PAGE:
The best place to experience Ramadan in its full intensity, in all its glorious, excruciating beauty may be Cairo, which is not only the largest city by far in the Islamic world, but the city with a greater population density than any place on Earth. The day begins an hour before sunrise when men walk through their neighborhoods beating small drums to announce the sahur, the pre-dawn meal. The morning goes along calmly enough, and even in early afternoon, as stomachs growl and throats begin to rasp, the city does not seem much more loopily urgent than it is on most days. The pressure begins in late afternoon, when it seems that all 2 million vehicles in Cairo are on the road at the same time, as everyone is trying to get home in time for the sunset iftar meal with their families. As cars break down, horns blare and tempers finally snap among men who are dealing with hunger, thirst, nicotine fits, erections and impatience all at the same time, the traffic jams of Ramadan in Cairo are a seething comedy of frustration that not even a production team of Dante, Hieronymus Bosch, Ridley Scott and Mira Nair could begin to describe.
Somehow, though, everything seems to work out. By the time the muezzin sings the sunset call to prayer, the poor have taken their places at rough tables and benches outside the mosques and in the side streets, where a simple iftar is being laid out, thanks to the local merchants who take turns buying the food. Most other people are at home with their families. Their children want to know even before the main meal is spread which of the special sweets of shredded wheat, nuts and honey they’ll have tonight. The call to prayer is heard, street lights go out and for an hour everything stops. While it's famously said that in Cairo you can find anything, one thing you won't find is a taxi in the hour after sunset in Ramadan. What you will find, if you’re on the street as the festive fanoose Ramadan lanterns go on, is that people look around before they begin to eat, and offer you some rice and vegetable stew. Ramadan does have, though no one seems to plan it, a special instinctive teamwork for making sure that every person, Egyptian or foreigner, Muslim or no, will eat his fill this evening.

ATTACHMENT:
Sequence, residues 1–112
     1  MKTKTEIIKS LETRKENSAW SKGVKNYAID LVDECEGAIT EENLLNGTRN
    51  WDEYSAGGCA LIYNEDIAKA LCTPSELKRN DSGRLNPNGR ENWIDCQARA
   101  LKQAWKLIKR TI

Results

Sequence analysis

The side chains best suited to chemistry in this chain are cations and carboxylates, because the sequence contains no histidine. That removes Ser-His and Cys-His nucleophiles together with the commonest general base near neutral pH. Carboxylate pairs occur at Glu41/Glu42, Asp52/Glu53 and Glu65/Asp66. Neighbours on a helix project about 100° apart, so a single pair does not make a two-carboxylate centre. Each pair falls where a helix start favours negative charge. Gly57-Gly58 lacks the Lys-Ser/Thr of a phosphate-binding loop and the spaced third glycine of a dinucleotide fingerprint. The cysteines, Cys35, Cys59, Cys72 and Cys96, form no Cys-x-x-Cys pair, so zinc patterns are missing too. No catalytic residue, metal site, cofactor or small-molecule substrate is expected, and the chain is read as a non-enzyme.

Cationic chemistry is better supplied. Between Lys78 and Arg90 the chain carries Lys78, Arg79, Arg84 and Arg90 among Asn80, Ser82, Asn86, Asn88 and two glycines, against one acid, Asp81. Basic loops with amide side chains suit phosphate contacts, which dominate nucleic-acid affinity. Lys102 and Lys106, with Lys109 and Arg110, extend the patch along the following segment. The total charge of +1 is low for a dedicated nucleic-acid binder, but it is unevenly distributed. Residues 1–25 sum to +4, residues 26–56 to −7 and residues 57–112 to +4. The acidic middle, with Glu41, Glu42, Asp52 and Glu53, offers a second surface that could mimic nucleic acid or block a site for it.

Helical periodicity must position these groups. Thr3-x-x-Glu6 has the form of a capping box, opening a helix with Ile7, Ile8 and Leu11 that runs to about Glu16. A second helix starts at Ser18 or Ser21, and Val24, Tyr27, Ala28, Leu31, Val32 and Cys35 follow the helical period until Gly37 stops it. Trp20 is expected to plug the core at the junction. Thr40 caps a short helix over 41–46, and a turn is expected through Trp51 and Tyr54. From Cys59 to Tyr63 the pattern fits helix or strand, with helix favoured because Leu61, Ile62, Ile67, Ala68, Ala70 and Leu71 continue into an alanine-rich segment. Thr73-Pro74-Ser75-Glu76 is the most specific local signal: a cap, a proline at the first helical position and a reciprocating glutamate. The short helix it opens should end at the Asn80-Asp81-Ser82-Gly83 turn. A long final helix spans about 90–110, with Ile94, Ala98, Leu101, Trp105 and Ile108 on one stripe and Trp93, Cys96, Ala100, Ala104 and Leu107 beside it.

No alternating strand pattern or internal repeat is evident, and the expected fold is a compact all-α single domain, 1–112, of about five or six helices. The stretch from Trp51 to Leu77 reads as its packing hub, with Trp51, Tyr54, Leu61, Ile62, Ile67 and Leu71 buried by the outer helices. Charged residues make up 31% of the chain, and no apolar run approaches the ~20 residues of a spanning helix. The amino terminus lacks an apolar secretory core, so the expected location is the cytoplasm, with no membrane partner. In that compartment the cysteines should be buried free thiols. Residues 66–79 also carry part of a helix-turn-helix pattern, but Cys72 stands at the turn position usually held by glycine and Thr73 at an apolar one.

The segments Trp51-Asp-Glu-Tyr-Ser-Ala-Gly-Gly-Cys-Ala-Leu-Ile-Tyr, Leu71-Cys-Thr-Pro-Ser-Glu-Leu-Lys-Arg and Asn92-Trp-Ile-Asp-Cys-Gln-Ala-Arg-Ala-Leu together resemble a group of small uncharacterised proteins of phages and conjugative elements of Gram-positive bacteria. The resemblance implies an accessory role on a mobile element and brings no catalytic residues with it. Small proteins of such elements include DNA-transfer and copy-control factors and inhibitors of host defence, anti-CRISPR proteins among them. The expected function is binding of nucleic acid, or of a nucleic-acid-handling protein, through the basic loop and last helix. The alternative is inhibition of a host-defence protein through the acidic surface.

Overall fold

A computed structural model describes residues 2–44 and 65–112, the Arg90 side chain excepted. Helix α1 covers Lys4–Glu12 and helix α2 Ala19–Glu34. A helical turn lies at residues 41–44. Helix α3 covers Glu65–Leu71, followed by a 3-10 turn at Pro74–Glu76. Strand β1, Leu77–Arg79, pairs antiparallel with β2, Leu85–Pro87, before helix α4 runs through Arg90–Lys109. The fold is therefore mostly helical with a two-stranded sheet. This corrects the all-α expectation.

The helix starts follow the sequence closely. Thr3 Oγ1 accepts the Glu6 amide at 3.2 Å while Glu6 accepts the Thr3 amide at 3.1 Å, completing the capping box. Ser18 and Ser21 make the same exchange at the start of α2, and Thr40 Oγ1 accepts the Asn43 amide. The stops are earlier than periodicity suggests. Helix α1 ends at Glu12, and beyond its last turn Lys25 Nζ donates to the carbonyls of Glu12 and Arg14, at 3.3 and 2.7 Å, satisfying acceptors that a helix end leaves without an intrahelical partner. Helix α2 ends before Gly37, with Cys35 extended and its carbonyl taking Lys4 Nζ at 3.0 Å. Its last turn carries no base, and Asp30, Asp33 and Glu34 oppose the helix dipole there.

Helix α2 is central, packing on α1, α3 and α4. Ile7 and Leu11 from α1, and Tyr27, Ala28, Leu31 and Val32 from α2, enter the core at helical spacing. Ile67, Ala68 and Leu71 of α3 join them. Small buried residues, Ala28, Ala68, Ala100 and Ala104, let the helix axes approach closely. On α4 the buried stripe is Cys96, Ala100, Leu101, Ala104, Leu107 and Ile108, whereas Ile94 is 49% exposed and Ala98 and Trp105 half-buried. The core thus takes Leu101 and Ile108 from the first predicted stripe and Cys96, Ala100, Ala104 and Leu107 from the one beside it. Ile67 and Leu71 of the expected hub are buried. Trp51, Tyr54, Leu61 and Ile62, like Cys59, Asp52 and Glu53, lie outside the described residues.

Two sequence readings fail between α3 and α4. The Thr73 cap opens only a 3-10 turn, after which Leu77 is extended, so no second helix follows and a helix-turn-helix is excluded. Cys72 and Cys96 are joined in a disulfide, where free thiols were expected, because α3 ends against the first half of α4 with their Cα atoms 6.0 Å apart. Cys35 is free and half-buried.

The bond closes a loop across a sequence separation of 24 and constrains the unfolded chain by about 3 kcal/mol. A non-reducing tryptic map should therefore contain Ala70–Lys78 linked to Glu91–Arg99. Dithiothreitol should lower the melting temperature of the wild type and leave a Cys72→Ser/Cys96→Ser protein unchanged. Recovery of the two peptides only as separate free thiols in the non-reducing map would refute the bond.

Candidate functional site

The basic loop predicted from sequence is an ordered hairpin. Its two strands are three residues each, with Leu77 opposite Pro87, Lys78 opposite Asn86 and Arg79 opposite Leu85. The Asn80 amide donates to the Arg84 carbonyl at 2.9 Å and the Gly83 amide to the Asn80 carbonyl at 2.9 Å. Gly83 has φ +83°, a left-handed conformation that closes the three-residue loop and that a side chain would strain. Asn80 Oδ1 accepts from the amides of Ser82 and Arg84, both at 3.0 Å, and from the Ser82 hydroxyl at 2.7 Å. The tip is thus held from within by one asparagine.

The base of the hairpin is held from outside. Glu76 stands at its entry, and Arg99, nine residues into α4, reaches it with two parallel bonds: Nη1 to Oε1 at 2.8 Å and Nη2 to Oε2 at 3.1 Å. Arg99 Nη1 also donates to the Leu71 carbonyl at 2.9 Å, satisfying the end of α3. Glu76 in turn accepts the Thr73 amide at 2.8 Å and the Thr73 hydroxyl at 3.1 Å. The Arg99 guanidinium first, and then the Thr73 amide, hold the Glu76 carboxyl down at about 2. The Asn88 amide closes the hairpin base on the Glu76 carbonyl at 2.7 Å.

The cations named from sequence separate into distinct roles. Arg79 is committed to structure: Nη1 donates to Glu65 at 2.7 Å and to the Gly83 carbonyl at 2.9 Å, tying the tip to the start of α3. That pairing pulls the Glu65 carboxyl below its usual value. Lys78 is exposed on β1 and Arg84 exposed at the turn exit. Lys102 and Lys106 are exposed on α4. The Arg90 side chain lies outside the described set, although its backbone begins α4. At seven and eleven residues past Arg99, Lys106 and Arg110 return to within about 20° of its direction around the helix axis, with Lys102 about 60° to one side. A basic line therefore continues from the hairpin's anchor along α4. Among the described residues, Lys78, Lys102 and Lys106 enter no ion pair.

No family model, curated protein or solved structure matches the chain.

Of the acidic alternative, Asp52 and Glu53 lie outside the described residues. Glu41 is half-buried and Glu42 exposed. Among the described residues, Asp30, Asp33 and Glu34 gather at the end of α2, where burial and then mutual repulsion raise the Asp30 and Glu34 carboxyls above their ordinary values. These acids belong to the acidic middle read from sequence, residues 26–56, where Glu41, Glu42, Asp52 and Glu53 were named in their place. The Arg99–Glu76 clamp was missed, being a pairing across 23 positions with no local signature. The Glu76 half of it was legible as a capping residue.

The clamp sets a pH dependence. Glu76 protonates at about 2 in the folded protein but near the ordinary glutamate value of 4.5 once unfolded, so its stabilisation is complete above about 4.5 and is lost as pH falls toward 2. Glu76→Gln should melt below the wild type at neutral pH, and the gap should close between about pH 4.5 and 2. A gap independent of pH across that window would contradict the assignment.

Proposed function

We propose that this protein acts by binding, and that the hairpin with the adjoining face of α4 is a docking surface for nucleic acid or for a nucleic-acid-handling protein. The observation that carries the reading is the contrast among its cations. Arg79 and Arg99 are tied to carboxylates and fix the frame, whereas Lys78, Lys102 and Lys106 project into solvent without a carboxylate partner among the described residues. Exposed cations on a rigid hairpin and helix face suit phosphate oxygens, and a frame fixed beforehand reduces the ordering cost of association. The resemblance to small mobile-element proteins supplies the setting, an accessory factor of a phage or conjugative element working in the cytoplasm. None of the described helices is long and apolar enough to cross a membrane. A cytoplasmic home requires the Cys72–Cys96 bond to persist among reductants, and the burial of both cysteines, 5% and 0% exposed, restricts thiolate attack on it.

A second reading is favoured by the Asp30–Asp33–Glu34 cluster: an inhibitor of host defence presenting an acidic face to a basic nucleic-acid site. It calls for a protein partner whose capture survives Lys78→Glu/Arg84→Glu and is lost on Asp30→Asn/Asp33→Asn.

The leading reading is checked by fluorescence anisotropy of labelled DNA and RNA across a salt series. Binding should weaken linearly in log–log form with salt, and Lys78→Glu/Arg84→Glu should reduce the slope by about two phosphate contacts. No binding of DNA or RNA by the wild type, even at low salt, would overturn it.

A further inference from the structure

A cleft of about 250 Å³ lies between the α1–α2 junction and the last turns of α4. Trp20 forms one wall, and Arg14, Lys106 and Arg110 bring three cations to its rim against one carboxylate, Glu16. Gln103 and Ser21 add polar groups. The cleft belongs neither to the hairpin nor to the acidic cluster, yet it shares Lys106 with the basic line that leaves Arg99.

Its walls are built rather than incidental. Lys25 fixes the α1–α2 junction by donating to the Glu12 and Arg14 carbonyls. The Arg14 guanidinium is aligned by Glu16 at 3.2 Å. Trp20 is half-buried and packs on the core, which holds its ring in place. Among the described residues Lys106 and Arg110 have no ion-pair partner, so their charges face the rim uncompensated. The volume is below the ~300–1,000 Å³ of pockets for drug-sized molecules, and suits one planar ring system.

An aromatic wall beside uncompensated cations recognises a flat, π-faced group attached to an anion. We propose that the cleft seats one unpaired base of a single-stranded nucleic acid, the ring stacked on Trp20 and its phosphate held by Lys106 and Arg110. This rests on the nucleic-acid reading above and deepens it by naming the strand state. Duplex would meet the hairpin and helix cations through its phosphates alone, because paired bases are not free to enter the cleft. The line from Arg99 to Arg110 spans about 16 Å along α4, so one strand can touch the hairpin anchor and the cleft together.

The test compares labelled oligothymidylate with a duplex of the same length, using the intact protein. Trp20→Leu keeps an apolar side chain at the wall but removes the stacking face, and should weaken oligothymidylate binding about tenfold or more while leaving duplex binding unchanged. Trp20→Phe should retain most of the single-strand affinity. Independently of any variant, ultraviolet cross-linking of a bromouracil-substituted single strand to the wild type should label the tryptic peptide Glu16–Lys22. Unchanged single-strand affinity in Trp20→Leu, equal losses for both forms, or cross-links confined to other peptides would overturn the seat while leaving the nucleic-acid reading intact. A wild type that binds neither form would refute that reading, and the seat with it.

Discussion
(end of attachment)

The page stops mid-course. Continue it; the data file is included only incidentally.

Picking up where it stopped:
Is this a somewhat idealistic portrait of Ramadan in Cairo? Not really. Most people here really do celebrate it this way. It goes without saying that there are also wealthy, idle people here whose limited utility one does have to be F. Scott Fitzgerald to perceive. For some, Ramadan is useful cover for an even more desperate, driven pursuit of the pleasures that, no matter how successfully one hunts and wins them, never seem to fill up the unengaged lives of those who come from "good families," especially sons who are certain to inherit the family business, and carry on the tradition of shouting at others. These people awaken minutes before dawn, stuffed and gaseous from the night before, wolf down as much as they can snarf before the sunrise call to prayer, go back to sleep until 9 or 10, and sometimes manage to get to their workplaces by noon. They work -- if it can be called that -- for a couple of hours, then catch some uneasy sleep as their drivers get them through the Ramadan traffic jam in time to join their friends under the hotel tent for belly dance and a feast that would make Caligula blush, until 3 in the morning. They get home gorged and exhausted, trying in vain to sleep until dawn comes again a couple of hours later.